MM THE BOOK OF LOST THINGSMister Max: The Book of Lost Things by Newbery medalist Cynthia Voigt (Alfred A. Knopf Books for Young Readers, $16.99, ages 8-12) is reviewed today by Ronna Mandel.

Mister Max (Book 1 in a trilogy) is middle grade fiction at its most entertaining. There are 25 chapters with curious titles such as Chapter 4 “In which Max doesn’t want to get out of bed, Grammie is bossy, and Madame Olenka enters the scene” to lure readers into the story. There are at least seven illustrations by Iacopo Bruno scattered throughout the novel, but since I read an ARC (advanced readers’ copy), the final artwork was still to come. However the rough sketches I saw looked exactly how I’d pictured certain scenes and I liked what Bruno chose to detail for every illustration. They certainly help ground the reader in the time period.

This first Mister Max installment takes readers to a country never named, but that sounds a lot like England. Kids will also note that the time period is never mentioned nor is the type of currency which leaves lots open for interpretation and imagination. The port city where all the action (and there’s plenty of that) takes place comprises Old Town and New Town (there’s a map included in the beginning). It’s in Old Town where we meet twelve-year-old Max (a lad with unusually colored eyes) and his parents Mary and William Starling in their cozy dining room circa early 1900s, perhaps in the Edwardian era. The Starlings, founders of the Starling Theatrical Company, earn a comfortable living, but excitement is more or less vicarious. So, when they receive a mysterious invitation from an Indian Maharajah to journey by sea and then help him establish a theatrical company of his own, the promise of such an exotic adventure is hard to resist.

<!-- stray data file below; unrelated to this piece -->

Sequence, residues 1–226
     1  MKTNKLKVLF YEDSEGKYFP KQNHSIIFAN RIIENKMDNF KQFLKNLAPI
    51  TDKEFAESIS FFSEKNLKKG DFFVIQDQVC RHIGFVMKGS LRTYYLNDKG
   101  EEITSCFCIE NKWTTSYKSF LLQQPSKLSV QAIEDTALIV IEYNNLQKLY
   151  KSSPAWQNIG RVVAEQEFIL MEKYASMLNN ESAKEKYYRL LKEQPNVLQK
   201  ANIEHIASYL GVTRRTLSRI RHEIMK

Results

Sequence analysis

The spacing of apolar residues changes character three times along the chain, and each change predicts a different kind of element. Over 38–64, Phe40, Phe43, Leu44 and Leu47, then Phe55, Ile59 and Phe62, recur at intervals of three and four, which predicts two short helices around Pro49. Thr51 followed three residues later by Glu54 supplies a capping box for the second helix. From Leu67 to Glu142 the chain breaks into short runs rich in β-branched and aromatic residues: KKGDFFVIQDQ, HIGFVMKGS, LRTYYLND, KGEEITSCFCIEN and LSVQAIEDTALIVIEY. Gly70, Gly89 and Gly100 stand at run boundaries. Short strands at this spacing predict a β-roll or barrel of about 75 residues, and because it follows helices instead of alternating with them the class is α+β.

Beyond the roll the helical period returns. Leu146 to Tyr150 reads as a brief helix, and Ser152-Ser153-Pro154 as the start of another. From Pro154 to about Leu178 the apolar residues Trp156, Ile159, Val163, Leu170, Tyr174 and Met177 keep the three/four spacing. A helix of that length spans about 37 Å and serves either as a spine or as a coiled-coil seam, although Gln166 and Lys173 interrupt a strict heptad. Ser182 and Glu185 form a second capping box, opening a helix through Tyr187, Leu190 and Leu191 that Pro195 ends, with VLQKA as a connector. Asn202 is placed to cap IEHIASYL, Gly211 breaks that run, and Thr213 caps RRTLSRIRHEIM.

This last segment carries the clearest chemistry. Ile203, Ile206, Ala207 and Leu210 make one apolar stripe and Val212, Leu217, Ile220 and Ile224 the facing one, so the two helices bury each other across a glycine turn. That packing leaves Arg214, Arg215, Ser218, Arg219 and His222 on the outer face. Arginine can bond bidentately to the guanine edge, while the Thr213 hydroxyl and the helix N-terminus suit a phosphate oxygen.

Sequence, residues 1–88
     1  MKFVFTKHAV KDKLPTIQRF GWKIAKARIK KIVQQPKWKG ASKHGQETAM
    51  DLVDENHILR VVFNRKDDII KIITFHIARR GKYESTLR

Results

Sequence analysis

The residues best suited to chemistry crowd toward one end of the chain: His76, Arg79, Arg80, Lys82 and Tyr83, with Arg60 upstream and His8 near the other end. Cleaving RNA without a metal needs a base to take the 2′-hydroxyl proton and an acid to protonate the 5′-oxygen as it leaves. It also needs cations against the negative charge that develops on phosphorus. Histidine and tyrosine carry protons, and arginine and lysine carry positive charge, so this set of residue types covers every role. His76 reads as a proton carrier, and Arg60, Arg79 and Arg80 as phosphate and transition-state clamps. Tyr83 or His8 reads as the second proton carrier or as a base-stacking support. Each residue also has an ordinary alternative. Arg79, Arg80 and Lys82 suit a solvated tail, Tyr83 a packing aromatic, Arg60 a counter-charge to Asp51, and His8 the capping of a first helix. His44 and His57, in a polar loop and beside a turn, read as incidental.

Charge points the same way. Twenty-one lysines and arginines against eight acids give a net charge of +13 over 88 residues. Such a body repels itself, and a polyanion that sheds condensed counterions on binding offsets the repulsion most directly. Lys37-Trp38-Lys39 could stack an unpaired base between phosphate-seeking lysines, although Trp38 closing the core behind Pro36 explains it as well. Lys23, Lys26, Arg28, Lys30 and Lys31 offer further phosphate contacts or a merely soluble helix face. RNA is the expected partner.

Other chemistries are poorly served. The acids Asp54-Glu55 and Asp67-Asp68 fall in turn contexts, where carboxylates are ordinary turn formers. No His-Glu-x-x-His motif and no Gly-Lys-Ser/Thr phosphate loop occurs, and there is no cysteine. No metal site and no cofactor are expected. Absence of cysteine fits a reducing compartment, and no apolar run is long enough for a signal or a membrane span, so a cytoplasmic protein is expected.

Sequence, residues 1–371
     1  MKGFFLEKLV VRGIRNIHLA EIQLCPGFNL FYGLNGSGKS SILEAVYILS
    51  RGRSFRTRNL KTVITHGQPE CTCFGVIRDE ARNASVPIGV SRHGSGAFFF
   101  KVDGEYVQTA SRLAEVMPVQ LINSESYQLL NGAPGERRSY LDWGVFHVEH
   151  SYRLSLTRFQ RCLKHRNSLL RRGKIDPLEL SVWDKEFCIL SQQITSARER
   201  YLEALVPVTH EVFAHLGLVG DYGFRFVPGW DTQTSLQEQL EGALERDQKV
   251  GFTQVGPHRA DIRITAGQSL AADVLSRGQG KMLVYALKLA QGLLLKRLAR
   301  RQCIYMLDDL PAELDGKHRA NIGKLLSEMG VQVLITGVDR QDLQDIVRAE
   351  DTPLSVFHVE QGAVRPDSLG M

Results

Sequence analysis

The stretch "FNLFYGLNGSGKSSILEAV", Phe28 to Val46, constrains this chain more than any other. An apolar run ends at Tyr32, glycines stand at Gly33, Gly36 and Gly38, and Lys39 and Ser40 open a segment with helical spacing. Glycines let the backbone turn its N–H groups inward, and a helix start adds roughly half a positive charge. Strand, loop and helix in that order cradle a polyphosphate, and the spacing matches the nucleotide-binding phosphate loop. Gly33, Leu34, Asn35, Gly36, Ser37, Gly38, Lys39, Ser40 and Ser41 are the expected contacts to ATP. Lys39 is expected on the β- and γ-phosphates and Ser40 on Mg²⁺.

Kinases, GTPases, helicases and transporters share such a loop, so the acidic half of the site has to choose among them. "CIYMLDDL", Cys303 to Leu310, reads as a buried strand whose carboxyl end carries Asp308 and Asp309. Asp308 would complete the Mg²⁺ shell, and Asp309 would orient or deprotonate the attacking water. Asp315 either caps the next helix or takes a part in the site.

I was immediately transported to this masterfully created land where Max’s parents are then kidnapped at embarkation and he is left to fend for himself. Tweens will be easily hooked on the mystery of what’s happened to the adults and a bunch of other mysteries which ensue. Voigt’s colorful cast of characters, by the way, are as equally engaging as the storyline.

Readers will likely relate to Max’s desire for independence, a big theme often repeated throughout the book. But how can he manage on his own? Thankfully there’s his Grammie, the librarian, living just across the way to make sure he continues to eat and be educated. Having grown up in the theatre, Max is adept at creating new personas like his actor parents. This skill will serve him well as he seeks out employment opportunities to keep the money coming in while also attending to his studies.

It isn’t long before the mystery of Max’s parents’ disappearance starts unfolding as the appearance of certain suspicious indivuals helps shed light on what may have happened.  All the while Max is finding other mysteries cross his path. Hired first by a father and daughter looking for a lost dog, Max begins to earn money solving these problems (or crimes?) wearing theater costumes and using lines from various plays his father’s performed in. And though many people in the novel refer to Max as a detective, he is adamant he is not a detective, but rather a “solutioneer.”

The intertwining of some sub-plots is fun as readers watch most things fall into place as the book progresses. For example, Max’s involvement in finding a lost treasure may also be the link to resurrecting a failed romance. And his sense of consciousness grows as the caseload does.

When the book ends with Chapter 25 entitled “In which what is lost is – in a way – found,” readers will be happy to find this is really not the end and will be eagerly awaiting Book 2.

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